Delta Pilots Begin New Round of Picketing

The 6,000-member pilots union at Delta has vowed to strike if the company is allowed by an arbitration panel to impose the long-term pay and benefit reductions - a labor action that the airline's chief executive has said would bring its demise.


Delta Air Lines Inc. is in better competitive shape than its executives portray and already achieved substantial cost savings before asking its pilots for up to $325 million in cuts, the pilots union sought to show Tuesday.

The dispute between the nation's third-largest airline, which is operating under bankruptcy protection, and its pilots escalated as they began a new round of picketing at airports.

The 6,000-member pilots union at Delta has vowed to strike if the company is allowed by an arbitration panel to impose the long-term pay and benefit reductions - a labor action that the airline's chief executive has said would bring its demise. Already, the threat of a strike may be affecting passenger flight bookings in April and May, company executives acknowledged Monday.

At Tuesday's hearing before the arbitration panel, a pilots union economic expert asserted in lengthy testimony that in a cutthroat industry replete with nimble low-cost airlines, Delta faces less competitive pressure than other big carriers. In addition, a strategic five-year business plan put into effect in 2004 has resulted in "significant" cost reductions compared with the rest of the industry, said Ana McAhron-Schulz, the union's director of economic and financial analysis.

The pilots gave Delta $1 billion in annual concessions under the plan.

Delta pilots have been asked for pay and benefit cuts totaling almost 45 percent of their compensation since 2004, McAhron-Schulz said. The termination of the pilots' defined-benefit pension plan, which Delta has put on the table, would deepen the hit for the pilots.

The company, which has lost some $12.6 billion since January 2001, insists that it needs the cost cuts it is seeking from the pilots in order to compete effectively with rivals and to survive over the long run.

During hours of testimony, company attorney Robert Spann challenged at every turn McAhron-Schulz's assertions and her interpretations of airline industry data.

Atlanta-based Delta filed for Chapter 11 bankruptcy protection from creditors on Sept. 14, the same day as Northwest Airlines, the No. 4 U.S. carrier. Other recent bankruptcies and resulting restructurings also dot the airline industry landscape, notably US Airways and United Airlines.

It was the seventh day of hearings in Washington by the three-person arbitration panel, which must rule by April 15 on Delta's motion to throw out its contract with the pilots. Company and union representatives have not had any negotiation sessions since the hearings began, though both sides say they are willing to meet.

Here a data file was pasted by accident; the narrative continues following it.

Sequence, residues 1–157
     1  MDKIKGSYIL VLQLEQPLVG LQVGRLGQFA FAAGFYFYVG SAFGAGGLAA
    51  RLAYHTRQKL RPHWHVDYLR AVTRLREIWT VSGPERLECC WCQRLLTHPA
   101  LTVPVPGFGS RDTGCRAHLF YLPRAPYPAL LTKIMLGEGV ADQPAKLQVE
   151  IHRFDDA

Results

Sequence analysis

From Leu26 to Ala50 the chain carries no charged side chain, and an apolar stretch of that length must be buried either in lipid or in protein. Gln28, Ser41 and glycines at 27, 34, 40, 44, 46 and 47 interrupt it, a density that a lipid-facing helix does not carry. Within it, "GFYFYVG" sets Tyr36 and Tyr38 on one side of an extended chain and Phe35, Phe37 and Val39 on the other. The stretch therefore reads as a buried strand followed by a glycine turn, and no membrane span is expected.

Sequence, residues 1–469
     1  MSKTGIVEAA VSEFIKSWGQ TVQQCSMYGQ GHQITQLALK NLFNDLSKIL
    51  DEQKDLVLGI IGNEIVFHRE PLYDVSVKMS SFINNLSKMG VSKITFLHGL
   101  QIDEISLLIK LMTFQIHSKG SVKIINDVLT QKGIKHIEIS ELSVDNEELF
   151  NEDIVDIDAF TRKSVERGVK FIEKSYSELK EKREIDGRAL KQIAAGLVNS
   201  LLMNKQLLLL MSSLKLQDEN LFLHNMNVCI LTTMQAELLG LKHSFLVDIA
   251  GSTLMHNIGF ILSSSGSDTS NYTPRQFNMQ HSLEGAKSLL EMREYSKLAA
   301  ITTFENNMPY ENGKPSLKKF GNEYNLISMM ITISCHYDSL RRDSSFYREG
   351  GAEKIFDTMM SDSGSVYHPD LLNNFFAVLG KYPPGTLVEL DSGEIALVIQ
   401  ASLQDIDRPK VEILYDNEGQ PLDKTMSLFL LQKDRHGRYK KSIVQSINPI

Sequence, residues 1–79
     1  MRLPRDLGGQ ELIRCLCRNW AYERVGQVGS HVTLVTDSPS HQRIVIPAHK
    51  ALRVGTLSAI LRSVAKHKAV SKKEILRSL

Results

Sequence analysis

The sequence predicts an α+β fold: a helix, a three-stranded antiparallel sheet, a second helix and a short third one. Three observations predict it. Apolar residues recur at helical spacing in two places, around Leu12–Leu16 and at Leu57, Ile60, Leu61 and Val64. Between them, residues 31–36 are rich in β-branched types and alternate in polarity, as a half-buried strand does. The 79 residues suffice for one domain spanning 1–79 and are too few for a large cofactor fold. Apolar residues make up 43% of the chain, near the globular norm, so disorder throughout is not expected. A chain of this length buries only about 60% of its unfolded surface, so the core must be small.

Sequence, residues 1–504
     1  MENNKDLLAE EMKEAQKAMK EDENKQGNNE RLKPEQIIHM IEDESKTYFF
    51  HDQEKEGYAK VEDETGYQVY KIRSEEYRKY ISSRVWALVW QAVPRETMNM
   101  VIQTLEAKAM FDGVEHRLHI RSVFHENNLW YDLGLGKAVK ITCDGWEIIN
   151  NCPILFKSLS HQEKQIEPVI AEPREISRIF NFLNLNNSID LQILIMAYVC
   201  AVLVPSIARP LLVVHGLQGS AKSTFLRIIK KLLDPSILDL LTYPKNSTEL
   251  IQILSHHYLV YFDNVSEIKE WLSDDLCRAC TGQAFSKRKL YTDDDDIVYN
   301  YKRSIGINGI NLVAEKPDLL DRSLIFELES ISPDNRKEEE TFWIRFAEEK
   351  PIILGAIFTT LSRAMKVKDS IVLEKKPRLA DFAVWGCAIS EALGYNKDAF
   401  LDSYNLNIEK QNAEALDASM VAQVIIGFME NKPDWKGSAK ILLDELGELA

As the hearings continued Tuesday, Delta pilots held informational picketing at the Atlanta airport. They also planned picketing Wednesday at airports in Los Angeles and outside Cincinnati, and at the Orlando, Fla., airport on Sunday. The pilots have stepped up the level of picketing in recent weeks.

In an e-mail message to pilots on Friday, the head of the union's strike preparedness committee, Mike Donatelli, said the union wants to send a clear message to management that it is willing to negotiate concessions but will not be bullied into agreeing to the company's demands.

Of the union's strike threat, Donatelli said, "It is crucial that management understand that our threat is not empty, that our unity is real, and that we intend to defend ourselves from their actions."

Delta Chief Executive Gerald Grinstein said Monday that if the pilots strike, the airline's lenders would have the right to call in their loans within 48 hours and that consequently "Delta will not survive."

Also Monday, Delta asked a federal bankruptcy judge to allow the airline to void roughly 93 million stock options held by 70,000 current and former employees and directors.

The company said that the options, if exercised, would provide little to no real value, making the $305,000 a year it costs the airline to maintain, account for and administer the benefit an unnecessary burden.

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Business Writer Harry R. Weber contributed to this report from Atlanta.

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